hg push getting worse?

John Coomes John.Coomes at sun.com
Tue Aug 11 12:34:01 PDT 2009

Andrew John Hughes (gnu_andrew at member.fsf.org) wrote:
> 2009/8/11 John Coomes <John.Coomes at sun.com>:
> > I think jcheck is relatively light-weight compared to the zfs snapshot
> > and auto-push that are also done.  But it would be nice to know for
> > sure.
> True.  It's hard to tell from the client side as hg appears to hang
> 'searching for changes' and then suddenly a burst of information
> appears, either reporting success or failure.  I presume this is part
> of the design of hg unfortunately, but it would be helpful if things
> were more verbose.  I presume hooks were never meant to utilise enough
> time that this would become an issue.
> I can see how zfs snapshotting would take longer over time.  Although
> the snapshots are, I presume, relative to the last so that the size
> remains fairly sane, the sheer number of them is likely to cause a
> slowdown. Is there a significant benefit to creating these?

I don't know the openjdk infrastructure, so am just guessing, but I
suspect there are only a finite number of snapshots maintained.  The
benefit is being able to recover :-).  AFAIK, we've only used it once
or twice, but having the snapshots made it possible.

> ...                                                          And are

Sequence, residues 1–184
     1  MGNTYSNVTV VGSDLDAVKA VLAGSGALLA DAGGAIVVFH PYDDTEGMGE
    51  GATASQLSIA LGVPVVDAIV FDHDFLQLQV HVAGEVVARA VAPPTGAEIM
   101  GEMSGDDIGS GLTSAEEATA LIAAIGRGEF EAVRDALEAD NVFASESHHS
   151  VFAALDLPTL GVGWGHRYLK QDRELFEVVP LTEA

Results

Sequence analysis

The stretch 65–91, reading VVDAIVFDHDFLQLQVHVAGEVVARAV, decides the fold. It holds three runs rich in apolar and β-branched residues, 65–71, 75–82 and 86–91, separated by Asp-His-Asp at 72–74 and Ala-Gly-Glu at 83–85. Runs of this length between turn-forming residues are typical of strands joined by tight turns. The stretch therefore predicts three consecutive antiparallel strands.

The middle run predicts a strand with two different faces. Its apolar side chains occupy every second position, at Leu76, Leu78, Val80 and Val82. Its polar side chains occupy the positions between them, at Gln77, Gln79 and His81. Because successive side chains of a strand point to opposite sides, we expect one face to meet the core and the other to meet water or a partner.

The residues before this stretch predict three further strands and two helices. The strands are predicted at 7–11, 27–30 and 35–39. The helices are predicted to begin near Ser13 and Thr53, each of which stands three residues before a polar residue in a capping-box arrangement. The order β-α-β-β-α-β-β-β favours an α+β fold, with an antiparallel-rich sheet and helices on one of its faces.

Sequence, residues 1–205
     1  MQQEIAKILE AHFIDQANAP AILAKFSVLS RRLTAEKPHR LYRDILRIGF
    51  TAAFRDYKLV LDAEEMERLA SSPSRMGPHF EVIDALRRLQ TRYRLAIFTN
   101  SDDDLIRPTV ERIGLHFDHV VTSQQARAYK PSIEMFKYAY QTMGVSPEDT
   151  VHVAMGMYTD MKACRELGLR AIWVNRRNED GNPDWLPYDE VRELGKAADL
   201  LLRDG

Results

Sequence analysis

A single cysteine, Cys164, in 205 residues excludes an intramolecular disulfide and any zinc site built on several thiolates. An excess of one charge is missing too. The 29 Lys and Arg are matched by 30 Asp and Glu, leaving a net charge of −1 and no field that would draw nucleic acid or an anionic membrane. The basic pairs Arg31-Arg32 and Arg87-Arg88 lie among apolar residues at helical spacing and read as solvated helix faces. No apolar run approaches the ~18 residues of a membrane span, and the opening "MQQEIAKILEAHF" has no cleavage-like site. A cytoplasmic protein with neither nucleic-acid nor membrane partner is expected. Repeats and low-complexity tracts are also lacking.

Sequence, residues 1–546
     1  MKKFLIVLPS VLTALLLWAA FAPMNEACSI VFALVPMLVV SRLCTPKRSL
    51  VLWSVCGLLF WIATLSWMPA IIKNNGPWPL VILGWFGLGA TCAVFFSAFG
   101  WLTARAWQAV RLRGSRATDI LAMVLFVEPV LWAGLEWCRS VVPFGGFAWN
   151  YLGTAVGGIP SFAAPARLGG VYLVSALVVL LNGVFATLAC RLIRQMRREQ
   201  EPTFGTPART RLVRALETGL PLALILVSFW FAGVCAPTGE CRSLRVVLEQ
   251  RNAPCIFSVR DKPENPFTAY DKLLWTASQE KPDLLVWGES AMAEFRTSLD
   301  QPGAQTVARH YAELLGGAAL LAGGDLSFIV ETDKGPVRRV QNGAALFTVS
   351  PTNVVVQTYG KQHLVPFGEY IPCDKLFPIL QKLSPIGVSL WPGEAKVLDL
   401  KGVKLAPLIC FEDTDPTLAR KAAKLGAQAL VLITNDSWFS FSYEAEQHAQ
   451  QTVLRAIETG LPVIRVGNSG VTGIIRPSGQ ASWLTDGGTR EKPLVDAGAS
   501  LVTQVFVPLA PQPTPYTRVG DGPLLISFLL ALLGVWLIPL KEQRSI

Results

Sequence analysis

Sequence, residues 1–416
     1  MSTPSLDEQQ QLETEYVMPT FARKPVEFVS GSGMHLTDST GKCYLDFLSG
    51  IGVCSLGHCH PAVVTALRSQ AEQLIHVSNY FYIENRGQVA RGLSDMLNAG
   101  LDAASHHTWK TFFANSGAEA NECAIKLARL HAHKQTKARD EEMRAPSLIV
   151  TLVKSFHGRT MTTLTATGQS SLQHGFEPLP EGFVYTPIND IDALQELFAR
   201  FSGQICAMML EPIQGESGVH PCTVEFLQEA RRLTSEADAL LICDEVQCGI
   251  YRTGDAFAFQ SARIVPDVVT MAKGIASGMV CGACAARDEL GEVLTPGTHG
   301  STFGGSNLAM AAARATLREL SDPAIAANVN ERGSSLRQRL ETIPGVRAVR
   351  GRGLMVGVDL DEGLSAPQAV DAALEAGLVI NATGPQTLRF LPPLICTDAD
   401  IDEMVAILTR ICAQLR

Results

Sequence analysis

> they also created in Maurizio's FX project?

I have no idea.

> >> > jcheck appears to perform its check on the changeset once committed to
> >> > the remote repository and then performs a rollback if it fails,
> >> > although you don't see any of this feedback in realtime on the client.
> >> >  I presume this also means it has to get Mercurial to generate the
> >> > changeset (and others for the bugid check) which would take time.
> >
> > That's the standard way that mercurial hooks work, and the reason we
> > have the extra *-gate forests.  In more recent versions of mercurial,
> > the pending changesets aren't visible until the hooks have completed
> > successfully, so the *-gate forests become unnecessary.  We haven't
> > been able to update because the server-side of the forest extension
> > doesn't work w/recent mercurial releases.
> >
> Is there any further news on whether the forest extension will become
> a standard part of Mercurial? When I went searching for a client-side
> version to support newer versions, I had to resort to using a snapshot
> of their repository for forest.

I doubt forest will ever become part of mercurial.  Mercurial now has
an experimental sub-repo feature for dealing with nested repositories.
It doesn't have the flexibility of the forest extension, so wouldn't
work for openjdk, at least as it stands now.

> ...
> All changes have to be approved first, so could not this issue be
> flagged at that point?  The history could also be scanned for
> duplicates at that point if someone really wanted to be sure.  The
> case is even worse with the whitespace checks.  Given jcheck clearly
> can find the issues, can it not also fix them?  Or could some of these
> checks be applied on the client-side? Worst case, could the whole
> repo. not just be sanitised on a regular basis?  As is, you push a
> commit, wait several minutes and then get a result from jcheck saying
> there is an extra space at the end of one line.  So, you have to
> rollback the commit, remove the space, reapply the commit with the
> same comments and then push again.  In all, a lot of time is spent for
> very little gain.

I think the problem is access to jcheck.  I'm not sure why it isn't
available externally.  We run jcheck on our local repos before
pushing, and it's reasonably convenient.  Or maybe I should say not
too inconvenient :-).


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